Professor Ellen Arruda and Noboru Kikuchi, the Roger L. McCarthy Professor Emeritus of Mechanical Engineering, have been elected members of the National Academy of Engineering (NAE).
Election to National Academy of Engineering membership is one of the highest professional honors accorded an engineer. Members have distinguished themselves in business or academic management, in technical positions, as university faculty, or as leaders in government or private engineering organizations. Only 2,530 individuals worldwide are NAE members, including 106 in this year's class.
A professor of Mechanical Engineering, Biomedical Engineering and Macromolecular Science and Engineering, Professor Ellen Arruda was cited for "pioneering research in polymer and tissue mechanics and their application in innovative commercial products." She joined the College's faculty as an assistant professor in 1992. She earned her bachelor's degree (with Honors) and master's degree both from Penn State, and her Ph.D. from MIT.
Professor Arruda teaches and conducts research in the areas of theoretical and experimental mechanics of macromolecular materials, including polymers, elastomers, composites, soft tissues and proteins, and in tissue engineering of soft tissues and tissue interfaces.
Her research programs include the experimental characterization, and analytical and computational modeling of soft materials, including native and engineered tissues. Her distinctions include the 2012 Excellence in Research Award by the American Orthopaedic Society for Sports Medicine, and the cover article in Tissue Engineering, in January of 2012. She holds three patents for this work. She is president and a fellow of the American Academy of Mechanics and a fellow and former president of the Society of Engineering Science.
Dr. Noboru Kikuchi, president and chief operating officer, Toyota Central R&D Labs Inc., Aichi, Japan, and Roger L. McCarthy Professor Emeritus of Mechanical Engineering, was credited for "contributions to theory and methods of computer-aided engineering and leadership in their applications in the automotive industry worldwide.” He earned his bachelor's degree from the Tokyo Institute of Technology and his master's and Ph.D. degrees from the University of Texas at Austin. He served on the College's faculty from 1980-2015.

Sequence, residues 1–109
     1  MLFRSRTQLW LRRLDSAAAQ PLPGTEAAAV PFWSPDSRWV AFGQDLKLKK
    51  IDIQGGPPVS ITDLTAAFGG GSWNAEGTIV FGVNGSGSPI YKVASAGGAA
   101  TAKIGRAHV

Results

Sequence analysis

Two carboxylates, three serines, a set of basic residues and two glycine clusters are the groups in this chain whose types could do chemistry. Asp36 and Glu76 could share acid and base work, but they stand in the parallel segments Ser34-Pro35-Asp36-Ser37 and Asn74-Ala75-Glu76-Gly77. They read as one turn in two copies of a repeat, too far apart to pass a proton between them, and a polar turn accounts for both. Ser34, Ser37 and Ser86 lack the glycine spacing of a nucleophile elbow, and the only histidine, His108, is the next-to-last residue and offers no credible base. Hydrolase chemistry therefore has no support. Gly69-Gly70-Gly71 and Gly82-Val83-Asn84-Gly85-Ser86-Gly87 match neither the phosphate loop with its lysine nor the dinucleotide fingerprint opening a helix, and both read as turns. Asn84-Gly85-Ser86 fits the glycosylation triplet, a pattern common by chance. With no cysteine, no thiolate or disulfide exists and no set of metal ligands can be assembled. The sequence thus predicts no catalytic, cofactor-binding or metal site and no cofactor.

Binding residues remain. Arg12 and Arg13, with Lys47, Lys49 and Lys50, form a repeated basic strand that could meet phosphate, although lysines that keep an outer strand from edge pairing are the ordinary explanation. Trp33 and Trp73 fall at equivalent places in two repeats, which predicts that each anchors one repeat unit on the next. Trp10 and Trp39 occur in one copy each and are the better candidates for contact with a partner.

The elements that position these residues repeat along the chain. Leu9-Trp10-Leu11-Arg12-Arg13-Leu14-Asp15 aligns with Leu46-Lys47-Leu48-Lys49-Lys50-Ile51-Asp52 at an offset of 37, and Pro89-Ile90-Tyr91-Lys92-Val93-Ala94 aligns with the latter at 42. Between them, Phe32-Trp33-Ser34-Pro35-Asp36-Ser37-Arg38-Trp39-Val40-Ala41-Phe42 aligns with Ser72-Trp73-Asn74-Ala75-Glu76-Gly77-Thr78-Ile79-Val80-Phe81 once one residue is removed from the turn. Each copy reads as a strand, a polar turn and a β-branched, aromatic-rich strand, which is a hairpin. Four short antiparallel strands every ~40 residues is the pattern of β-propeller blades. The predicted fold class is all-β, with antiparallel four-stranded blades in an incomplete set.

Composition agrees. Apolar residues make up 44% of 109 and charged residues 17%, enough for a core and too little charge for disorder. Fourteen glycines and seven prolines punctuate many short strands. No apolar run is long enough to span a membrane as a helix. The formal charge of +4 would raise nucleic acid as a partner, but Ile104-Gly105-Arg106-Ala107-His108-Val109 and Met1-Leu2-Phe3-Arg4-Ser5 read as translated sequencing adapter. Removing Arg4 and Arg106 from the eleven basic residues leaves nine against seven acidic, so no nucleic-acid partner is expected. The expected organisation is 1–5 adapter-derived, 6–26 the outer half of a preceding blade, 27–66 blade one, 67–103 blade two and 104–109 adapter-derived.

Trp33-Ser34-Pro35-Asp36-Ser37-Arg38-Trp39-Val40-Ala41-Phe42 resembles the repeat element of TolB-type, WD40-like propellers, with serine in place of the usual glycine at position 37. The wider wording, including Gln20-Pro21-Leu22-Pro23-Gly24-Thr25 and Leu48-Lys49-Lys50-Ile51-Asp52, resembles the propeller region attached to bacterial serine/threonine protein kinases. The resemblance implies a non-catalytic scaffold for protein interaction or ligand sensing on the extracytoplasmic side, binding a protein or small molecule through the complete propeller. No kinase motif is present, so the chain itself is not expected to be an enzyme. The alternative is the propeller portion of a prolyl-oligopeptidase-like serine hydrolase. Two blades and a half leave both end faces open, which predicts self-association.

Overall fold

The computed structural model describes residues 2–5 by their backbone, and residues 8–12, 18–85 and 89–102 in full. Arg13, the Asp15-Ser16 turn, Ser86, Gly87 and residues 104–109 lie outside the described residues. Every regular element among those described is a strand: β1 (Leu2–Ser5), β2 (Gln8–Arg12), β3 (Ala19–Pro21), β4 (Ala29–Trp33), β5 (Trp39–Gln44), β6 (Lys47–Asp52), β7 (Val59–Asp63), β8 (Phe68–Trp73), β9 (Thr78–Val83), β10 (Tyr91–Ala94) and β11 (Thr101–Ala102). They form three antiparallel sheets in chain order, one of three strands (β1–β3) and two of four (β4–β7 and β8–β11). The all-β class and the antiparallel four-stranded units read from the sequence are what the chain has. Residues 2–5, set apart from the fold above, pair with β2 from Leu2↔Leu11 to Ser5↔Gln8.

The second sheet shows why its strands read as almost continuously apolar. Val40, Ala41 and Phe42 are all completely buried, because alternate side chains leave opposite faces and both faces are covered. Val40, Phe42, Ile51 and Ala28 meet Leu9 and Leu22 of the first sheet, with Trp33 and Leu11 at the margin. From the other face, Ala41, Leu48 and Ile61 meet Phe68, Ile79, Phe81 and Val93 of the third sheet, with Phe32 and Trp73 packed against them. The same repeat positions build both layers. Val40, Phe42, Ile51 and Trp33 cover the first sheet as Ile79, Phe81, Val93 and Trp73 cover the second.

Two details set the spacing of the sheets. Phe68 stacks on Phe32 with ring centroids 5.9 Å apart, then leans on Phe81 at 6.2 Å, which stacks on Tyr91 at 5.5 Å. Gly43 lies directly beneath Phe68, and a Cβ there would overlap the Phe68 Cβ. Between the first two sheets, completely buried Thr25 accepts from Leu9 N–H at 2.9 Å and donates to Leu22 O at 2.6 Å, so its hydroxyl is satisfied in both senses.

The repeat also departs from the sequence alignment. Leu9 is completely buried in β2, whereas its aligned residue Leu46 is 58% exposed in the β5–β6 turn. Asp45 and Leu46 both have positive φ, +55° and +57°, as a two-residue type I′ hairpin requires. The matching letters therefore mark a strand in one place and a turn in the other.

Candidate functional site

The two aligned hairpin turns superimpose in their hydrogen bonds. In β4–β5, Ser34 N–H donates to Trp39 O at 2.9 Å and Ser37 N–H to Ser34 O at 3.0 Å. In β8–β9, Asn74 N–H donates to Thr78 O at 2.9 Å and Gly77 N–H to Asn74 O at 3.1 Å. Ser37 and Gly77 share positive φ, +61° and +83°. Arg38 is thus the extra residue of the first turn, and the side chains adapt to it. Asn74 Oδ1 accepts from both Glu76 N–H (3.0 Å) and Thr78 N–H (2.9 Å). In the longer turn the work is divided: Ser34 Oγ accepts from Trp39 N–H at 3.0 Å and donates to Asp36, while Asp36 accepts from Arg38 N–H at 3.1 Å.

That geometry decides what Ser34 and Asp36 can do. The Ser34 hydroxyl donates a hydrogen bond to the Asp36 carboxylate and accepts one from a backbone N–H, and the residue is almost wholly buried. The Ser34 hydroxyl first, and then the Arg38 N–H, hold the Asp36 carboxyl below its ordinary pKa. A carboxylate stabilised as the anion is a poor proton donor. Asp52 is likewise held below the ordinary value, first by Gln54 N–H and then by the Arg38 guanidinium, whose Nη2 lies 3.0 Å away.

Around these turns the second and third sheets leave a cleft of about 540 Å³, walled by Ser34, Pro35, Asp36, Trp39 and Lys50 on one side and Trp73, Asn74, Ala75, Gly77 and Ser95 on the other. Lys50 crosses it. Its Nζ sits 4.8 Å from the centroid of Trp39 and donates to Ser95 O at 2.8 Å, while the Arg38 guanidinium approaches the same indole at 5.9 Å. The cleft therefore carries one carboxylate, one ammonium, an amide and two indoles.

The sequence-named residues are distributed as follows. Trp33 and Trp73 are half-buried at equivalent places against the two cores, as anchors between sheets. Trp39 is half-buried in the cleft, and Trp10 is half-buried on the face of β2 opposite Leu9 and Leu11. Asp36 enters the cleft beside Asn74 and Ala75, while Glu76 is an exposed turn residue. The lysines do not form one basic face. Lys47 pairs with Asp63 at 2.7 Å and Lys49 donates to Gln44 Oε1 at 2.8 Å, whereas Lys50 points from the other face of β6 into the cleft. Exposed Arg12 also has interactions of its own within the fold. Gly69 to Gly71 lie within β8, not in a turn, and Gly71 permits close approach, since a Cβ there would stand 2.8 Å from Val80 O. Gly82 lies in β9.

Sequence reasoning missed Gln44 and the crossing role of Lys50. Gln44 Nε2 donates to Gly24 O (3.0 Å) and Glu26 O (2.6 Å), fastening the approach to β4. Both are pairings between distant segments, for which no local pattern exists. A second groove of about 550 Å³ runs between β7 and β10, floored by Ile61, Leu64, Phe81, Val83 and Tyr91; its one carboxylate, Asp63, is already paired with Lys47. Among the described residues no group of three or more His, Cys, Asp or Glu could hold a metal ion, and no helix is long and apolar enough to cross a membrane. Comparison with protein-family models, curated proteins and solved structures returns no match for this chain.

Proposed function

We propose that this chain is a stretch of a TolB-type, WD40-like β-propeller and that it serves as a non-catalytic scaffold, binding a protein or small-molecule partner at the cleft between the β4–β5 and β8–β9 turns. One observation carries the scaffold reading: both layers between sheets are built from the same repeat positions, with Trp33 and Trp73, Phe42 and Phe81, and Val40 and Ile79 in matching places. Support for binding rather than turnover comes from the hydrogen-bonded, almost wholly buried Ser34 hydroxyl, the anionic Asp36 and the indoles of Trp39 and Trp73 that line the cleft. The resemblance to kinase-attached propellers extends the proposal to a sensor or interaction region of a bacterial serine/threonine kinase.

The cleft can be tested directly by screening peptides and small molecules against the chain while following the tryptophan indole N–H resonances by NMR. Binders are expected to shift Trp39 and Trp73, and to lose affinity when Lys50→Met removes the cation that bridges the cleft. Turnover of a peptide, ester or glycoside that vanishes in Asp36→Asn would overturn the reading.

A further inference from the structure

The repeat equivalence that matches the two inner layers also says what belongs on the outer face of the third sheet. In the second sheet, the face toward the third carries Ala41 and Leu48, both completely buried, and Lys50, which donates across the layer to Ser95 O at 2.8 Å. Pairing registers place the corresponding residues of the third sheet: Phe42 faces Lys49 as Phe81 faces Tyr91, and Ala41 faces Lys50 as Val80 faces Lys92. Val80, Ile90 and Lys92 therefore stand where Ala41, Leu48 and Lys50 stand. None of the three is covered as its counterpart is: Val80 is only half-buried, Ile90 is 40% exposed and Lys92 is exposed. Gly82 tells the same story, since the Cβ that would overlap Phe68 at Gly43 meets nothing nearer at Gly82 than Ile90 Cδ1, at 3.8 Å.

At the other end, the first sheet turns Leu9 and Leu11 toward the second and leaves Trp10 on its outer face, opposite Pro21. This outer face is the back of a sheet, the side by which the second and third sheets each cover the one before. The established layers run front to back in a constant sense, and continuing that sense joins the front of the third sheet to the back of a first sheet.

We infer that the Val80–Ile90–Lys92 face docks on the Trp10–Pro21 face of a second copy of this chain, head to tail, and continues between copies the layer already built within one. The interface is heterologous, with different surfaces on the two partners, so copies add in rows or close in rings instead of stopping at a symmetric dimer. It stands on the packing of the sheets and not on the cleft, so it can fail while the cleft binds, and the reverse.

Professor Kikuchi is a world renowned scholar in adaptive finite element methods including automatic mesh generation and remeshing schemes for nonlinear problems in mechanical engineering and applied mechanics.
His research achievements include the development of micromechanical models for unilateral contact friction of metal and sheet-metal forming processes, topology optimization for material microstructures, and homogenization method in mechanics of composites. He developed the image based CAE methodology and the First Order Analysis Method for CAE of automotive body structures. Professor Kikuchi has an exceptional publication record with over 10,000 total citations. His work has made significant impacts on both fundamental knowledge and practical technology.